I just have a sense that something will force the bicycle into the dependability regime of the disk drive. And I say: Profits for inner tube manufacturers be damned.

6 Comments:

Professor Blogger Bill said...

The economic system of the United States and increasingly of the rest of the world depends on BIO in the forms you mention as well as in the imposition of fashion and trends in order to ensure retail sales growth. Our economy would implode and our culture would collapse if all products were built and priced to last forever or to be repaired indefinitely. Cheap energy alone has made this possible.

I agree that we must find a way to embrace these principles as we seek a rational post oil response but I really can't imagine it happening.

10:20 PM  
Professor Blogger WHT said...

Concisely put. I agree.

11:08 PM  
Professor Anonymous Anonymous said...

The BIO aspect of our world today is vast, and it becomes very apparent when you go "antique shopping". This weekend I went to a local antique swap meet. I decided to buy a sewing machine. I walked around, and inspected all the machines I could find. About 3/4 ths of machines were electric. I ended up getting a 1936, hand powered sewing machine, which as long as they make thread, will last.
Hydrocarbons expanded electrical generation by several factors, and today, everything from tools, appilances, printing, etc, etc, is based upon the availability of electricty. When you shop an antique fair, it is clear that this electrical, hydrocarbon revalution transformed the quality of goods after 1940's. Things were produced to last, like my sewing machine, and they were selfsustainable. Tools same thing. Printing, same thing. Music,,, same thing. Then, things were no longer selfsustainable, and were not made very well. If the power producers do not succed in establishing a sustainable level of production, life will have to revert back to man powered tools, and production, including cooking. This includes oil lamps. And that transformation is not going to be driven by the economic drive of finding a "new way", or a new energy source, but by necessity and survival. Not fun, but will happen. Modern Refigeration is so nice. I will miss it a lot.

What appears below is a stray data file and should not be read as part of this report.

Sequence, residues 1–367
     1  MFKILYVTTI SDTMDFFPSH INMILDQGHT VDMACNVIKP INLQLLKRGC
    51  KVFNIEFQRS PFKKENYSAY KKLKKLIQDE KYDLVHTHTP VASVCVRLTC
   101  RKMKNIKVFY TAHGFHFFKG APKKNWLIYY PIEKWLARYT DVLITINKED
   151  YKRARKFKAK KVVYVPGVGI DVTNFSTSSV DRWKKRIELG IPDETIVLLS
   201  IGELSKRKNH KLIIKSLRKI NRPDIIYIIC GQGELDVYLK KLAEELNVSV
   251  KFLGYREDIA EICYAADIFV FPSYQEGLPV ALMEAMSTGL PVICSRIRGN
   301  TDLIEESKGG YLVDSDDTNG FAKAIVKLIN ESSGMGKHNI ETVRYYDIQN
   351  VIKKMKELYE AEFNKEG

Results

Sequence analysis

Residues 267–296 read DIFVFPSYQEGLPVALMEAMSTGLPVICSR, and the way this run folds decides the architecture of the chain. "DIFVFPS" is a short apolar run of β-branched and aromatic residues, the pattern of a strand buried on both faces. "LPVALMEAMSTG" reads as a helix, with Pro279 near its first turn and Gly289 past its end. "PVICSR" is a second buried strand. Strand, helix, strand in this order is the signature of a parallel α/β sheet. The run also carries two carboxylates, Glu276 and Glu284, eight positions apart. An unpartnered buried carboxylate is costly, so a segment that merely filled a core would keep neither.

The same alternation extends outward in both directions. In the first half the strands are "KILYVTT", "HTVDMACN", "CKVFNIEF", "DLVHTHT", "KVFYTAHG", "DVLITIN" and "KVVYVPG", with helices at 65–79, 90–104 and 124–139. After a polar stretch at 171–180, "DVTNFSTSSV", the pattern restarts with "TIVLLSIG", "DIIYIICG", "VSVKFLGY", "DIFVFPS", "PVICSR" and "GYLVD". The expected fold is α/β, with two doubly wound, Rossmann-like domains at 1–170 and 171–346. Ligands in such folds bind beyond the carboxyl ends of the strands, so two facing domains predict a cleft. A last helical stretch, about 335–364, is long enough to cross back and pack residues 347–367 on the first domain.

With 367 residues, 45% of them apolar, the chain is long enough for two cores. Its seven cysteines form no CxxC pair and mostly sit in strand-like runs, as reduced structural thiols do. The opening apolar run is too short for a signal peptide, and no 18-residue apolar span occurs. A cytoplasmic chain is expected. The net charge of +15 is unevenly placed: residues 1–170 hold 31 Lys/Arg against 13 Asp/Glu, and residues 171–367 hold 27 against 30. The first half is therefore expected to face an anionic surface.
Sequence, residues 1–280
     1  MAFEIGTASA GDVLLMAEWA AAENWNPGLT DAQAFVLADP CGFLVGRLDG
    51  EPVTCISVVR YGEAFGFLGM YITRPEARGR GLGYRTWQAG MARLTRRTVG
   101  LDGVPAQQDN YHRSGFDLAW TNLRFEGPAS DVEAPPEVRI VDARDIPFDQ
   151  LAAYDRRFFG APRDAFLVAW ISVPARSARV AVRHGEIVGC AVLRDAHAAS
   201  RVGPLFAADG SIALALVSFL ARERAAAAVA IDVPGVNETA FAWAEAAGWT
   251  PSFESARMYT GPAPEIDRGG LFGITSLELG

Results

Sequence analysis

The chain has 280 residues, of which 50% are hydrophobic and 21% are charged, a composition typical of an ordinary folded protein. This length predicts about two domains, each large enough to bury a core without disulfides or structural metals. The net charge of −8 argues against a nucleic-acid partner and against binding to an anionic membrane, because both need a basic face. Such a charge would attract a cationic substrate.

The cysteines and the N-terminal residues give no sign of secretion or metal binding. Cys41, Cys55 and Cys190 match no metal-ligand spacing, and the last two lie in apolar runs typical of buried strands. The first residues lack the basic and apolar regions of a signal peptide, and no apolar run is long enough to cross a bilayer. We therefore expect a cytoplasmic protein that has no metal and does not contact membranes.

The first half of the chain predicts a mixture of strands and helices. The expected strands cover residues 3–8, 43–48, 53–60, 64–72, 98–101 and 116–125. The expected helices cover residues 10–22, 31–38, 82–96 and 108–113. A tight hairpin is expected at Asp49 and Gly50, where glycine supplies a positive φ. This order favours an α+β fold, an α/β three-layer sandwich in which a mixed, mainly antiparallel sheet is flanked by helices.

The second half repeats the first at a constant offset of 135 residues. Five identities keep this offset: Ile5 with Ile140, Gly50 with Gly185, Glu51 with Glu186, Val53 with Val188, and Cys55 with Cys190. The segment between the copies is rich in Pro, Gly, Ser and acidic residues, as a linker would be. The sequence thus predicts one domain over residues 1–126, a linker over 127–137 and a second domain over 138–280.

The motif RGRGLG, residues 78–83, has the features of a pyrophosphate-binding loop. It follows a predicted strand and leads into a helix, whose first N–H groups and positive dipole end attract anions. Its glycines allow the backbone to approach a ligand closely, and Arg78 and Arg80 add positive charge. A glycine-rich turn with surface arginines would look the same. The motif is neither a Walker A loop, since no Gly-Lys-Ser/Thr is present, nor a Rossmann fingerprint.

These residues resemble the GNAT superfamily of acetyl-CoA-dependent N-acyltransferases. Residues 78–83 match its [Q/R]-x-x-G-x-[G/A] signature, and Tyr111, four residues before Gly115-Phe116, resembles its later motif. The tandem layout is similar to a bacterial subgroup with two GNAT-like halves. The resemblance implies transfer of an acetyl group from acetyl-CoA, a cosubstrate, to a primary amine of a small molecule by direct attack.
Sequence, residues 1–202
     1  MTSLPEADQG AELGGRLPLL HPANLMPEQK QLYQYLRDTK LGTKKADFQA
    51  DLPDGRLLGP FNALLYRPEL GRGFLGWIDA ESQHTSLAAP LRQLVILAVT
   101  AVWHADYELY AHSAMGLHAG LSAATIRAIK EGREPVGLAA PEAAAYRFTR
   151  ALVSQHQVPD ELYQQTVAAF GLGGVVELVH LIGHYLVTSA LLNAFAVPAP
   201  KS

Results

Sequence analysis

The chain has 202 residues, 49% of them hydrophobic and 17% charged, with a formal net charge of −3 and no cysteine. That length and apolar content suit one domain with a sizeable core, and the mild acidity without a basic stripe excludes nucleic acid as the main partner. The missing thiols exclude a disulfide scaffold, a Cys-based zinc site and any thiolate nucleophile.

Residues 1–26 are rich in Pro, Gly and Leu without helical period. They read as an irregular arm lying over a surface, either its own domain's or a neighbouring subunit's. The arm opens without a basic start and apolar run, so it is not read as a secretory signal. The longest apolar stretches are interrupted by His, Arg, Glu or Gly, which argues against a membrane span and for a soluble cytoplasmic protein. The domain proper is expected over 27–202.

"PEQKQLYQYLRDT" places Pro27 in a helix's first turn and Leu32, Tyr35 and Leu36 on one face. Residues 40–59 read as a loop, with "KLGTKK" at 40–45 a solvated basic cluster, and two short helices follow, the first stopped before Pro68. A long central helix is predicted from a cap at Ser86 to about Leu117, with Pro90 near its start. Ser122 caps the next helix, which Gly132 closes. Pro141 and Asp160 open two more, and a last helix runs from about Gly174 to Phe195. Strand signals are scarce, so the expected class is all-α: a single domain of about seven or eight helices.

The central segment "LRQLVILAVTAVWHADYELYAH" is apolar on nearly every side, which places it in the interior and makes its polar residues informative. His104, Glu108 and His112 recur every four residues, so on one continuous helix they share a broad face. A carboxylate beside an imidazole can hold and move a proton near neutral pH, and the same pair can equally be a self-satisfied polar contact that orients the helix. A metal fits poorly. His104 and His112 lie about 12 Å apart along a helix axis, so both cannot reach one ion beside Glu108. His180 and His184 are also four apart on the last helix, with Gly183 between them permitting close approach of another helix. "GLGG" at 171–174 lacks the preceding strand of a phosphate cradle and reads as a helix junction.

10:06 AM  
Professor Blogger Patrick said...

yeah, good point.

it would seem we need to choose a certain point with each technology and call it quits. we can declare "it is good enough." computers for example are at this point. they are now fast and relatively cheap.

as energy descent hastens we will see that current technology is indeed good enough.

10:57 AM  
Professor Anonymous Anonymous said...

One of the many BIO moments:

A braun hand chopper where the plastic cracked. Same with a Kitchenaid sausage griding attachment for the mixmaster.

My personal Fav - a heart rate monitor. So I use it. And it's telling me my bicycle to grain grinding mill setup I'm burning 500+ cals an hour. Man, that's great. Cept the 'normal' range is 200-300 cals for a cyclist. Hrmmmm. I finally call the company. They admit that the heart rate monitor watch has a divide by 2 error - they didn't divide by 2. I ask 'So, what's the process to send it back to you' and am told that 'because it is a software error they would not take the product back'.

As for bikes....the best advice I've seen is just buy the cheap damn steel frame bike with a replaceable crank. Personally I wear the teeth out on cranks or I crack the frame from my peddling. Personally I'd be farther ahead to loose 10 lbs myself than worry about shaving 10 lbs from the bike - and most of us are in that same situation.

12:23 AM  
Professor Blogger WHT said...

How about this one? Bicycle cyclometers. Occasionally they go nuts and show wildly fluctuating average speeds.

6:15 PM